The top 10 corporate sustainability stories to watch in 2015
When it comes to corporate sustainability, what really matters? It’s a tough question to answer, especially as the diversity and complexity of issues under the umbrella of “sustainability” continues to grow.
There’s corporate governance, workers’ rights, carbon emissions, waste and much more, and – with government regulations up in the air – it can be exceedingly difficult to predict whether or not a sustainability play will pay off.
Recently, analysts at investment research firm Sustainalytics put together a list of the 10 unconventional sustainability stories that, they predict, are most likely to impact the finances of major companies this year.
These stories, compiled in a new report being presented next week, highlight some of the major sustainability factors that could affect corporate bottom lines – and, consequently, the large institutional investors, pension plans and portfolio managers who invest in these companies.
Here are the 10 most important issues to watch in 2015, according to Sustainalytics, ranging from potentially having a “strongly positive” impact on companies’ long-term finances to a “strongly negative” one.
Top five good stories
1. Lafarge and Holcim cement sustainability with a merger
Sustainalytics’ report says that the merger of France’s Lafarge and Switzerland’s Holcim – the world’s largest cement manufacturers – “could result in an upgrade of energy and GHG [greenhouse gas] performance and improved positioning in the growing market for sustainable building materials”.
The report is also optimistic about the success of the merger, which is on track for completion by mid-2015. Unlike some companies involved in “mega-mergers”, Lafarge and Holcim have similar sustainability strategies and that, the report claims, bodes well for a successful integration.
2. Intel’s progress toward ‘conflict-free’ processors
Intel’s “audacious plan” to completely rid its supply chain conflict minerals – such as from the war-torn Democratic Republic of Congo – by 2016 will make major progress this year, according to Sustainalytics.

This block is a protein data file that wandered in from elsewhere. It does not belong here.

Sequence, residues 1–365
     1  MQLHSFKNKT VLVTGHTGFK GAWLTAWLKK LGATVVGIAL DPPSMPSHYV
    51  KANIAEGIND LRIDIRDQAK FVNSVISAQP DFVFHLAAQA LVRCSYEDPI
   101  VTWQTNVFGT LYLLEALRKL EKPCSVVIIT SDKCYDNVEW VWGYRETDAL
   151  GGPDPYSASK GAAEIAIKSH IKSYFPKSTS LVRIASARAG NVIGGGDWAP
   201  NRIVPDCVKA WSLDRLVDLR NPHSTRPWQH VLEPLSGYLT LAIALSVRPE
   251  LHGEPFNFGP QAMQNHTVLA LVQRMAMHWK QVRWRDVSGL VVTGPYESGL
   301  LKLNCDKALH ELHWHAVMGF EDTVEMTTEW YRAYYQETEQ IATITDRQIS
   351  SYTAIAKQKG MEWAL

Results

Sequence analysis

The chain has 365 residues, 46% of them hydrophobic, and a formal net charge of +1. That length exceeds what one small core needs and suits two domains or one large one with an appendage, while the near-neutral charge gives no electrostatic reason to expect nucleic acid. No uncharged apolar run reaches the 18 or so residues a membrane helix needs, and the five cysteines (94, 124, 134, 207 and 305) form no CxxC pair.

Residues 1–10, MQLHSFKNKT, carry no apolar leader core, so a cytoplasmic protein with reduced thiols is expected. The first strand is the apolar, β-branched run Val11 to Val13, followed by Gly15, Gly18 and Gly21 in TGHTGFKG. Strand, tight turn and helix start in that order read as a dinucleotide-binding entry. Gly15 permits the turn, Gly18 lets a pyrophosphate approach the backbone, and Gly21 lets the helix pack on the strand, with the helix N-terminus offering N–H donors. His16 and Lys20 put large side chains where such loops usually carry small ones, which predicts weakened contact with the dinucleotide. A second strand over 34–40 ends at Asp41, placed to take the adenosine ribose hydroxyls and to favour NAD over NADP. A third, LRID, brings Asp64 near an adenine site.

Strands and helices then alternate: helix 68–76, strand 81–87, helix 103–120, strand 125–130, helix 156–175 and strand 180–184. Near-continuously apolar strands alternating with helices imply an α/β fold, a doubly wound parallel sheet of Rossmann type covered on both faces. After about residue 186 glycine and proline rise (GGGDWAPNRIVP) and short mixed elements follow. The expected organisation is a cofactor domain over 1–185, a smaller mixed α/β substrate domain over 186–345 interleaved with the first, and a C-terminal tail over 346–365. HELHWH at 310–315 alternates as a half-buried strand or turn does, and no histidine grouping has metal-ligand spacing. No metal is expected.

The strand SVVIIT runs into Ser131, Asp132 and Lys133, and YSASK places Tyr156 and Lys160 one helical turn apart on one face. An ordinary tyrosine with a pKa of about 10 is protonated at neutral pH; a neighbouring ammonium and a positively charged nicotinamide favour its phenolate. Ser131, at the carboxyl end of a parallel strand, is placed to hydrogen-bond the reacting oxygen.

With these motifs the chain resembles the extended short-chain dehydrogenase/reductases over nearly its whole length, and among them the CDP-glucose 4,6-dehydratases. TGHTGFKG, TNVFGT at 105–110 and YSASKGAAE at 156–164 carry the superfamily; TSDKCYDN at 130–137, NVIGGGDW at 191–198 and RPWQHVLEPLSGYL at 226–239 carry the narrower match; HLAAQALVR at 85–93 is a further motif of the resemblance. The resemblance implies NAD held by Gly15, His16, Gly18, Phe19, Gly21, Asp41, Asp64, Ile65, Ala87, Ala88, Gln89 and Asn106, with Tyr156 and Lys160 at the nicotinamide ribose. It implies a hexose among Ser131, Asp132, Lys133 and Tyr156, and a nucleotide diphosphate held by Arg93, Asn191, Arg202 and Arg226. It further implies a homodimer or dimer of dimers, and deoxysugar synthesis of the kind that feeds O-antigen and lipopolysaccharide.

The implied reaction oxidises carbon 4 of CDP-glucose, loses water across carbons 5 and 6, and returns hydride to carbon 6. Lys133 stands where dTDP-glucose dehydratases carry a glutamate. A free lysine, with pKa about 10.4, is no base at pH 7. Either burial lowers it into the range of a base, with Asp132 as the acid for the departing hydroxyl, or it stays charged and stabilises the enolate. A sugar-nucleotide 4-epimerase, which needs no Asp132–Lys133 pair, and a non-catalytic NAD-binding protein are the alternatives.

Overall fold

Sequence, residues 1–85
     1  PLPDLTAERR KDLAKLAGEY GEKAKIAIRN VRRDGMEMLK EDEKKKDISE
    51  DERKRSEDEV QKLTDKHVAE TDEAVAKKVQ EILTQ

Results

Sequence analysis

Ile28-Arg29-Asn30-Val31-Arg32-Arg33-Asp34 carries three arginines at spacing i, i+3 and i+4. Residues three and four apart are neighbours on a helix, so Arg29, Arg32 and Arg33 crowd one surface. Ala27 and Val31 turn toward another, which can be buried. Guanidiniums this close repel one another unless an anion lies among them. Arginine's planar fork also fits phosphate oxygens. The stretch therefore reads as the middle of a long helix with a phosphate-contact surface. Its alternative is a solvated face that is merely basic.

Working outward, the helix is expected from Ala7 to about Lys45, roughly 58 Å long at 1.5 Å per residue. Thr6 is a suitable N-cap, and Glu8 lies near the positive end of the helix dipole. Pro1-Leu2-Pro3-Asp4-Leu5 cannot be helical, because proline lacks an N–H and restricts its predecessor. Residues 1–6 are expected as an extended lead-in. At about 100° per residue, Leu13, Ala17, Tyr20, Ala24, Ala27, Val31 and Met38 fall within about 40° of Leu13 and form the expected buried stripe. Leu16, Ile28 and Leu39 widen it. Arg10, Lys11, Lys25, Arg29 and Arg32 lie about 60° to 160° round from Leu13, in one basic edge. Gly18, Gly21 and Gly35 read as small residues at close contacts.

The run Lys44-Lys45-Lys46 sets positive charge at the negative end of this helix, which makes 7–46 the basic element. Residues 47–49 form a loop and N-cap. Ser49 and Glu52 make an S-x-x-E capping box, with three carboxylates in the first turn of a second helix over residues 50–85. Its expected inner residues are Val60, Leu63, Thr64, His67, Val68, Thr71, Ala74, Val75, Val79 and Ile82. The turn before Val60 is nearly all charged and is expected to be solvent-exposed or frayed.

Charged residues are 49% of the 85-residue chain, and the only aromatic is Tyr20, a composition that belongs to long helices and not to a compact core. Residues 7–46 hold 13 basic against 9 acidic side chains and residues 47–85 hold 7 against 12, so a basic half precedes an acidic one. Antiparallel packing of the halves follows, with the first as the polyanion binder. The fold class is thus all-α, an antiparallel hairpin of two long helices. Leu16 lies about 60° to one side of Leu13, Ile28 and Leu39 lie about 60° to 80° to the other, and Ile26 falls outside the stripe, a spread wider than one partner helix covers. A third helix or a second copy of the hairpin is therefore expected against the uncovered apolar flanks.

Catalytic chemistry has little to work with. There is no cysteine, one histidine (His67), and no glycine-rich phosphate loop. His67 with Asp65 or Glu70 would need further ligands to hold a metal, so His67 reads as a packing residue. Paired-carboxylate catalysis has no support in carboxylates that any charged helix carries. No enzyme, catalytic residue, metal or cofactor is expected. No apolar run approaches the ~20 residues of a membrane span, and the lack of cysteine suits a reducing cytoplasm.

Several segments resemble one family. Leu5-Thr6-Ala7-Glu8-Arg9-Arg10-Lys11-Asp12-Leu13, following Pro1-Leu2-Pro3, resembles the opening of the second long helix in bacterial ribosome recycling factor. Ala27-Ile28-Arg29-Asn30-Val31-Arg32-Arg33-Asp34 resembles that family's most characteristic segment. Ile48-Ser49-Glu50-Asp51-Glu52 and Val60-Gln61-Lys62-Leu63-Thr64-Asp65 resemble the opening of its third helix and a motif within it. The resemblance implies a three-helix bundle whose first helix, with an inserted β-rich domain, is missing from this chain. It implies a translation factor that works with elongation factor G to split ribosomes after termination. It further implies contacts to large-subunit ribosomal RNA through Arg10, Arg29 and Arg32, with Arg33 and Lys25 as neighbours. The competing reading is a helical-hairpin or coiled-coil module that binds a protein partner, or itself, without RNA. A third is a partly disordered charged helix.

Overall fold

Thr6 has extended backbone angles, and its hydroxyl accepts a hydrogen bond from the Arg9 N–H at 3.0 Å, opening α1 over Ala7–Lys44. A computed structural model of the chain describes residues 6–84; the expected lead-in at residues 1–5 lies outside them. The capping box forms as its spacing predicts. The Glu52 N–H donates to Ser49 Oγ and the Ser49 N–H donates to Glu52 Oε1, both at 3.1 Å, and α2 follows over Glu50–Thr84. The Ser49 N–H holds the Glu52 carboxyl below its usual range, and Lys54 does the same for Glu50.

“Intel is well-positioned to capitalize on consumers’ growing awareness of conflict minerals and any upsurge in demand for so-called ethical electronics,” the report says.
But profit has nothing to do with the company’s involvement in conflict-free minerals, stresses Intel spokeswoman Christine Dotts.
Getting involved in this conflict-minerals effort was never motivated by a desire to sell more microprocessors, or even being able to command any kind of price premium for a product that was perceived by consumers to be more ‘conscious minded’,” she told the Guardian.
“No financial analysis has ever been conducted by us to make the connection between these factors. We initiated this effort simply because it was the right thing to do.”
Nevertheless, Sustainalytics expects the effort to pay a “reputational dividend”.
3. Telenor seeks rewards in risky markets
When Norwegian telecom company Telenor launched a new mobile phone service in Myanmar in September, it exposed itself to an array of business risks. As Sustainalytics’ report notes, the region has a history of military rule, data privacy concerns and the threat of corruption.
Sustainalytics’ analysts argue, however, that the company stands to overcome these challenges because of its track record on environmental, social and governance issues.
What’s more, Telenor’s move into Myanmar could bring further dividends down the line: if the company succeeds, it could apply the lessons it learns to other emerging markets...
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